Ah, how true that we’re living in a time of great innovation! If we review the past century and a half, the Orthodox Jewish community has had to adjust in quick succession to the telephone, the radio, the airplane, television, personal computers, cell phones and the ubiquitous internet to name but a few inventions. Our scholars, rabbinic and lay, have struggled mightily to fit these inventions into the context and fabric of our traditional lives. Legendary leaders such as the Chasam Sofer, z”tl; the Chofetz Chaim, z”tl and Rav Moshe Feinstein, z”tl all in turn penned responsa and essays wherein they attempted to come to grips with how exactly these transforming discoveries would appropriately fit within our Jewish lives. Suffice it to say that these great thinkers reached remarkably similar conclusions as to how we, as Orthodox Jews, should relate to these inventions.
The reactions by the public became predictable. Many initially viewed the innovative devices in question as veritable “tools of the devil,” devices that, if permitted in the home, would pollute the religious and moral atmosphere. Total bans of the use of newspapers and telephones, for example, greeted their arrivals in Eastern Europe during the late 19th century as did the introduction of the radio, television and movies (not to mention the personal computer, cable TV and the internet) over the last half-century. Happily, in time, the Orthodox community, from the leadership to the laymen recognized the essential truth that each of these man-made discoveries or creations was morally neutral, that it was man who infused them with positivity or negativity and moved the debate as to the morality of using these devices to a more appropriate sphere. As a result, it became clear that the telephone, for example, was neither evil nor good, that it could be, and was, used to convey the most sublime messages, such as “It’s a boy,” “We’re engaged” and “I passed,” but also to convey messages of hate and obscenity. This duality is inherent in the nature of all creation and bears remembering whenever we consider how we should relate individually and communally to technological innovation.
Several nights ago I happened upon an on-demand showing of one of those summertime TV competitions, this one entitled generously as “America’s Got Talent” (I’m not responsible for the atrocious grammar, but “America Has Talent” apparently isn’t as catchy a title, hence the slang). This loose talent competition consists of a series of acts that range from stand-up comedy to singing, dancing and novelty acts. Among the latter are performers who present less conventional fare, including acts that can often be kindly referred to as “sensational” or “bizarre.”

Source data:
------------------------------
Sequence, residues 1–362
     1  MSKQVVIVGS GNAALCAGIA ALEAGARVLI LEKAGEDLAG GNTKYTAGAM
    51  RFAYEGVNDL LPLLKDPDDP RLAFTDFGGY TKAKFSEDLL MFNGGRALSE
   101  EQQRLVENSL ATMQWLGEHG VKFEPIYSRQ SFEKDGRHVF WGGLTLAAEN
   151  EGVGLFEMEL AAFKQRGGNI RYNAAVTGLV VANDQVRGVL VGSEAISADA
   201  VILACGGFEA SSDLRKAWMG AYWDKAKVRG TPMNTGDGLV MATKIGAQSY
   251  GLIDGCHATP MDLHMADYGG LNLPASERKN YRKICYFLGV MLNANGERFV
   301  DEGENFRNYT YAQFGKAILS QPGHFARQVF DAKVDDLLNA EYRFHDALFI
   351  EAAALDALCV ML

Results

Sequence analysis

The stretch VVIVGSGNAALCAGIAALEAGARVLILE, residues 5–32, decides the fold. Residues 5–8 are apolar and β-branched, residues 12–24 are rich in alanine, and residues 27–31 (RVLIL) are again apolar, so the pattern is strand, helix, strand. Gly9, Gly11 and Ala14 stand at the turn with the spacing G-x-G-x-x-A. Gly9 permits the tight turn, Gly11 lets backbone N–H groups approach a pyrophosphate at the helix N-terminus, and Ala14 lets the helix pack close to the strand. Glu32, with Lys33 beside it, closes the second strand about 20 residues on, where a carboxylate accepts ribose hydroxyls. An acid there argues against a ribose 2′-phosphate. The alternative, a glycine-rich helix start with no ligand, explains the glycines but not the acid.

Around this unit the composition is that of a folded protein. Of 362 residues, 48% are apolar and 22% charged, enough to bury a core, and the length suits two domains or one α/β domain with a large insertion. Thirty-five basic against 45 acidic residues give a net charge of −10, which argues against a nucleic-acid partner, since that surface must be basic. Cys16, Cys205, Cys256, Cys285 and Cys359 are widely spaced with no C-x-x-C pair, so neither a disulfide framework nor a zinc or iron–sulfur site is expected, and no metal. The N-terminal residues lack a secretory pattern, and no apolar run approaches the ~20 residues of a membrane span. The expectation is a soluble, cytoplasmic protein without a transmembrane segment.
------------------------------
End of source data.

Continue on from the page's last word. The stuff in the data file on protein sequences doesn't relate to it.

On this particular night, a tall, slender gentleman appeared on stage, clad in a dark gray business suit and tie. On his head he wore a black kippah, essentially invisible against his black hair. He introduced himself to the four celebrity judges and began his performance. Over the next five minutes, the man amazingly twisted his body into an unrecognizable shape, astounding the audience with his flexibility, dexterity and double-jointedness. At the end of the performance he appeared to be a third of his original size and quite capable, assuming he had the proper postage, of “mailing” himself home in a standard UPS or USPS box! As he rearranged himself and returned to his original shape, the Jewish contortionist stood up to the loud applause of the audience and the approval of all four judges. His reward was to be invited back to the next round of the competition some weeks hence. He thanked everyone, smoothed his suit and walked gingerly off the stage, his kippah still in its original place, not having moved a bit despite his exertions.
As I thought briefly about what I had just observed, it struck me as a perfectly appropriate, almost representative act for an Orthodox Jew to perform in 2016 on prime time, nationwide television. The concept of Jewish contortionism after all is so rich in symbolism in our times that no other act could have had an equal impact. Just think about how we, as modern Jews, learn to twist and bend ourselves to accommodate modernity and innovation in our lives. What are the possible consequences of these repeated acts of almost inhuman flexibility? What becomes of our religious principles? Like our talented TV contortionist, are we almost unrecognizable at the end of our day in the outside world? How successful exactly are we in bending our principles, without breaking them altogether?
I suggest as we continue to interact with the broader world and with innovations to come, we as Orthodox Jews, as contortionists, remember to infuse our actions with the morality and spirituality that they might otherwise lack, never for a moment forgetting that it is we who ultimately determine whether those actions work for good or evil. Being flexible, while adhering to principle, is the worthy challenge that we must be willing to undertake.
By Joseph Rotenberg